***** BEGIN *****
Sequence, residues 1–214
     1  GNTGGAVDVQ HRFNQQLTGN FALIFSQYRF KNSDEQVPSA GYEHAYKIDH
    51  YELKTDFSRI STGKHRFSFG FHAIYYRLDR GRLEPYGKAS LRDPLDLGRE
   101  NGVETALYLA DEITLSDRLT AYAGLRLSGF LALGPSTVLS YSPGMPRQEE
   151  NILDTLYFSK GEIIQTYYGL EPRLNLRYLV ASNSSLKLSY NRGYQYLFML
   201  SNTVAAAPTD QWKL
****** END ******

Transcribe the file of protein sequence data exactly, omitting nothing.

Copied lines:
Sequence, residues 1–214
     1  GNTGGAVDVQ HRFNQQLTGN FALIFSQYRF KNSDEQVPSA GYEHAYKIDH
    51  YELKTDFSRI STGKHRFSFG FHAIYYRLDR GRLEPYGKAS LRDPLDLGRE
   101  NGVETALYLA DEITLSDRLT AYAGLRLSGF LALGPSTVLS YSPGMPRQEE
   151  NILDTLYFSK GEIIQTYYGL EPRLNLRYLV ASNSSLKLSY NRGYQYLFML
   201  SNTVAAAPTD QWKL